Nato Enlargement During the Cold War analyzes the historical experience surrounding Nato enlargement. Features include the role and influence of external factors, the dynamics of intra-alliance debate, and a taxonomy of membership. Most important, however, is the conclusion that NATO expansion was never drawn solely by Cold War factors, giving insight into why NATO survived the end of the Cold War.
About the Author
Mark Smith works at the Mountbatten Centre for the International Studies Department of Politics, University of Southampton.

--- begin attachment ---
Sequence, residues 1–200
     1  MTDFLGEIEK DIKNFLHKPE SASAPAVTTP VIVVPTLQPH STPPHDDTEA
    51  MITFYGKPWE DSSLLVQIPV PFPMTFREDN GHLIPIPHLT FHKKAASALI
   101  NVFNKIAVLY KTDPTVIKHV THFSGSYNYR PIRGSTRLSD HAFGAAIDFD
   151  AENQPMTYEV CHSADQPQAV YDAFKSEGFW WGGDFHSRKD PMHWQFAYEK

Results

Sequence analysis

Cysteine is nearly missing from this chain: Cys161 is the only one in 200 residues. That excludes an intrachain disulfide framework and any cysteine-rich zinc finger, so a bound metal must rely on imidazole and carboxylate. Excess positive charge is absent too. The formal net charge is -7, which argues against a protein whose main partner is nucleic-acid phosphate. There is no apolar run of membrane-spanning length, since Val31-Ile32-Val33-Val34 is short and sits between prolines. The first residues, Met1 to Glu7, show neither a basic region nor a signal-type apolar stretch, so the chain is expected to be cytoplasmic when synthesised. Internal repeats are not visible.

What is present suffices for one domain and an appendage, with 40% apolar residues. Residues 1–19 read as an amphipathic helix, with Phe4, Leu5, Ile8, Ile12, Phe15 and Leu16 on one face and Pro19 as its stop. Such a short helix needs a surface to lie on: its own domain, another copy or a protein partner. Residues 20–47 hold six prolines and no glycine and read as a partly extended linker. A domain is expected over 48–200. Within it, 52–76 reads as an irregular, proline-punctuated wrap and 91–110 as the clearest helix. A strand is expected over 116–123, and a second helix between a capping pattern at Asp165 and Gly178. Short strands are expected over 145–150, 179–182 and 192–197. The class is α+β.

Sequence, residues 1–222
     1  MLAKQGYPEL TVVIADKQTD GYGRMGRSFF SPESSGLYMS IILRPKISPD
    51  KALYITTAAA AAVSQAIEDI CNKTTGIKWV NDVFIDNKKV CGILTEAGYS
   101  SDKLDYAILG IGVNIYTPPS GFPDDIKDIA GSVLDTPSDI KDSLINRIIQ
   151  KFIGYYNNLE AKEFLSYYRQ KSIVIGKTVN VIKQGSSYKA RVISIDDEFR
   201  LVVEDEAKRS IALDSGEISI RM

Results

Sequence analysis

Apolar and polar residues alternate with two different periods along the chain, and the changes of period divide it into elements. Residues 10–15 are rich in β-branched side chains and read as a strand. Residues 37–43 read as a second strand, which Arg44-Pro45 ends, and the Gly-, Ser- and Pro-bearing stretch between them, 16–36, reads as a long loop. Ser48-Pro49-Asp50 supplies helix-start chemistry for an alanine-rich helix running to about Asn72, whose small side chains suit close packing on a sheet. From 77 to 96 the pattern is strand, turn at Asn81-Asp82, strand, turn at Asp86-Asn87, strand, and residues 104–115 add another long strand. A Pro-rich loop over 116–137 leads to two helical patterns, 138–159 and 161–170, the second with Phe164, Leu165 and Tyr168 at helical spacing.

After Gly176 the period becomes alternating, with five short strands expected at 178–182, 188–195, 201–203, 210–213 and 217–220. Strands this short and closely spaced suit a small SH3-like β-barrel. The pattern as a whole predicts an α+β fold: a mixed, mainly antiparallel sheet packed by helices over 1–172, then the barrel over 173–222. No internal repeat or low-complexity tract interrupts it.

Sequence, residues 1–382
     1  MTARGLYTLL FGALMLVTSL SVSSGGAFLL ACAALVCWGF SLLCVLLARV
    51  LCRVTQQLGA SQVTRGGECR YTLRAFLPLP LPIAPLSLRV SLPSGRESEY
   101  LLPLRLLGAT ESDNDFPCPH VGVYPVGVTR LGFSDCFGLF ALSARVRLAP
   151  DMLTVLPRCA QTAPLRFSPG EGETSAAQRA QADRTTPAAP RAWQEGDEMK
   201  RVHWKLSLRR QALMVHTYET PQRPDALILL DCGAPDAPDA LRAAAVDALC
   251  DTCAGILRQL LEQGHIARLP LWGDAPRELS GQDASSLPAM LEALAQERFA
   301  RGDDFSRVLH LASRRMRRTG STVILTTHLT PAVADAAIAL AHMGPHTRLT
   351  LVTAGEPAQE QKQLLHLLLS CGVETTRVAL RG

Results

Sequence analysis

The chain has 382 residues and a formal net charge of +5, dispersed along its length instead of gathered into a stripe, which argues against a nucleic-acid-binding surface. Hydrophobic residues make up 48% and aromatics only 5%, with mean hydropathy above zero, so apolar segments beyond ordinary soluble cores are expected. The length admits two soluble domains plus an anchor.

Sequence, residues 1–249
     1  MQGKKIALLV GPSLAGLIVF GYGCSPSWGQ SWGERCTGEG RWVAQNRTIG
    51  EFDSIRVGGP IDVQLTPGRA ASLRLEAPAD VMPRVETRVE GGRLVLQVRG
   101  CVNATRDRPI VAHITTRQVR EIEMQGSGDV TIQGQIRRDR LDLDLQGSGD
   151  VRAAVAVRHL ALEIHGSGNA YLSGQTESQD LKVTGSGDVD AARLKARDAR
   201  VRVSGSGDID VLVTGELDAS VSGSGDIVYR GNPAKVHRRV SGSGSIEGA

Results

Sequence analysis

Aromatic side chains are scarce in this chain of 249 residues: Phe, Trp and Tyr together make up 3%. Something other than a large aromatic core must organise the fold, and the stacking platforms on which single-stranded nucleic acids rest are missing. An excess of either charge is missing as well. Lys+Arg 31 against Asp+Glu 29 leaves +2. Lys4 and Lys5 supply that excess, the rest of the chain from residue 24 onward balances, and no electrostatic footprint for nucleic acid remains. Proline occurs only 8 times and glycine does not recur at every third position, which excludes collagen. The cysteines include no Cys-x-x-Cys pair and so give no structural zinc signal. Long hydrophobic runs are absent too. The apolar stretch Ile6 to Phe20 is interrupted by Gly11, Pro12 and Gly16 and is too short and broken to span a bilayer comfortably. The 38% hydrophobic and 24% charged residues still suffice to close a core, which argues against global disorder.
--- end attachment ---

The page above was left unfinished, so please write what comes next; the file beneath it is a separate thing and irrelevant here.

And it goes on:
Table of ContentsDedication Acknowledgements Introduction The North Atlantic Treaty in Context The Membership Question and Neo-Enlargement 1948-9 The Accession of Greece and Turkey The Federal Republic and NATO 19 Spain Joins the Alliance 1982-6 Conclusions Bibliography Index